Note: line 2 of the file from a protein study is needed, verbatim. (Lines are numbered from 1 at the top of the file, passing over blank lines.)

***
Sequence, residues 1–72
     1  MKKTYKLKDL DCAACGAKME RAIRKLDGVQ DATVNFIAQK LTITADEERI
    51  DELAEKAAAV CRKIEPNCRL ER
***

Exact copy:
     1  MKKTYKLKDL DCAACGAKME RAIRKLDGVQ DATVNFIAQK LTITADEERI